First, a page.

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Understand your memory = Remember easily
Visualisation - Is the foundation of all memory techniques. Visualisation is where you develop a vivid image in your mind of the information you are trying to remember. For example, WWI began in 1914 and you need to remember this for Australian history. To visualise, imagine a bombed out field with mud, bodies etc. (the more vivid the better). Now imagine soldiers with bayonets running across the field. Then all of a sudden there is a big earth quake and a huge hole appears in the earth. Suddenly, the number 1914 erupts from the earth. This technique is good for any information you can visualise.
Destructive visualisation - To get the most out of your visualisation it is important to make your images as visual and mentally stimulating as possible. One of the easiest ways to do this is to destroy the images you create in your mind.
For example, remember the following list of items:
Test tube, beaker, Bunsen burner, flame, acid, protective eye-wear, lab coat, funnel, teacher and black board.
Turn away and test yourself to see how many you remember.
Now go through the list again, but this time, imagine each item being destroyed in your mind's eye.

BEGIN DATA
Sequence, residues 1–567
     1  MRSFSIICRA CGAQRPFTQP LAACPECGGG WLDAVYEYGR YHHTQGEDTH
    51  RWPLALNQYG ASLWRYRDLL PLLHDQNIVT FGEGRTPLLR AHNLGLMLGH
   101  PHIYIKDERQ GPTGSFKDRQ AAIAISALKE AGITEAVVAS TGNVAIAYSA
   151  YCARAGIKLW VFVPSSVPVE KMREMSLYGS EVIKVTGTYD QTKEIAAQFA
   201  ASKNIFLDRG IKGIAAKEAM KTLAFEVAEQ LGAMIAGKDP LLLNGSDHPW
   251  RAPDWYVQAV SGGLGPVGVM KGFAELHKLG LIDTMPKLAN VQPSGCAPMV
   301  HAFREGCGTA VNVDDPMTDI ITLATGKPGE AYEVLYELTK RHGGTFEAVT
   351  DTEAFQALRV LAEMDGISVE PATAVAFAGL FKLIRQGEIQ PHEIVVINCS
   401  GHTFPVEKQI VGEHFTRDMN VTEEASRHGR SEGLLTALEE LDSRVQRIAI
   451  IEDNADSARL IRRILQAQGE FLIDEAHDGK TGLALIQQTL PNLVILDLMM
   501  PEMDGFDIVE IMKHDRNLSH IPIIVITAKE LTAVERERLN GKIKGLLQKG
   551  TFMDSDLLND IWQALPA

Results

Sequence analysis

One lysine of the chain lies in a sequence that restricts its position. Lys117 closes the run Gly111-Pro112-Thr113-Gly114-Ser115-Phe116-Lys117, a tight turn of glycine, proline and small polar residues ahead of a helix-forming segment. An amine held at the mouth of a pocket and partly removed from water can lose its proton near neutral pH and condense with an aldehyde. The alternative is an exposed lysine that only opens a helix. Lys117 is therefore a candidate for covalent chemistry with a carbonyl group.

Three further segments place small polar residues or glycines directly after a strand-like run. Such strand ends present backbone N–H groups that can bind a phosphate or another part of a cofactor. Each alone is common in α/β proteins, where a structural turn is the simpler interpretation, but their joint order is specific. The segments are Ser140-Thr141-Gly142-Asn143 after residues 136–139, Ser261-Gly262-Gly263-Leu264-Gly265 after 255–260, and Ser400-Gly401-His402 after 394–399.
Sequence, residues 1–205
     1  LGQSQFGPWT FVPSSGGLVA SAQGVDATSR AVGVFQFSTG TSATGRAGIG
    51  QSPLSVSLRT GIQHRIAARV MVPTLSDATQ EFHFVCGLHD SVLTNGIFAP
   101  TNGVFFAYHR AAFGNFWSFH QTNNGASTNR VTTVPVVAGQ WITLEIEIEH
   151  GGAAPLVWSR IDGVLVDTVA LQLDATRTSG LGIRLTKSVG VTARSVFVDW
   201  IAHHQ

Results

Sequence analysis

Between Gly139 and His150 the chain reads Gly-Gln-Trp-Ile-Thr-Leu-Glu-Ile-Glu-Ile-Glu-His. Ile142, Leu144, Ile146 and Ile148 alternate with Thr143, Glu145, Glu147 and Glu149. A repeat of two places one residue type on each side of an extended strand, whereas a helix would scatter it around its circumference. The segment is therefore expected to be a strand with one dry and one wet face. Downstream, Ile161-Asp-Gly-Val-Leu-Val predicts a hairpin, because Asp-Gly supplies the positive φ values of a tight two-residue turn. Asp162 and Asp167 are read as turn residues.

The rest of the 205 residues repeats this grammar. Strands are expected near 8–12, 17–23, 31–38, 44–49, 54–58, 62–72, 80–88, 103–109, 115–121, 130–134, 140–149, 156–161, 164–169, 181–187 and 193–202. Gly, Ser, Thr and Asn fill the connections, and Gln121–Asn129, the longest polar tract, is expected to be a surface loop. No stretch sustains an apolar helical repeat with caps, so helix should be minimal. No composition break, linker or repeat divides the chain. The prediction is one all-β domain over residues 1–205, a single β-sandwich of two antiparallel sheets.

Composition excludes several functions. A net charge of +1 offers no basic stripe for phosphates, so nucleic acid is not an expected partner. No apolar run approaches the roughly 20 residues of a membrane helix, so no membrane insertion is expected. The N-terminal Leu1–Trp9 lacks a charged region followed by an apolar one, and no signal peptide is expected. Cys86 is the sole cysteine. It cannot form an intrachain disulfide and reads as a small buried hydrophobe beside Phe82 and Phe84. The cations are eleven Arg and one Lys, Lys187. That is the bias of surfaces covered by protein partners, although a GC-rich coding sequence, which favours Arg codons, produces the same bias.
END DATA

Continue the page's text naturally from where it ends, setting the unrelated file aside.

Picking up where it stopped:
Turn away and test yourself again. How many did you remember this time.
Story based visualisation - A powerful way to increase your memory is to link all the things you want to remember into a story. For this to work well, each item has to clearly relate to the next in the list. For example, with the science items above, you would imagine placing the test tube inside the beaker, then putting the beaker on the Bunsen burner, lighting the flame etc. etc., until you have included all of the items.
Drawings - Drawings are an excellent way to visualise information. Some people are visual learners and do not like looking at a mass of words. For example, if you need to remember the organelles in a cell, don't just list them out, draw a cell and label the parts in bright colours.
See if you can create a story based visualisation from the following list:
Germany, Japan, Italy, Britain, Australia, America, France, Poland, Egypt and Russia.
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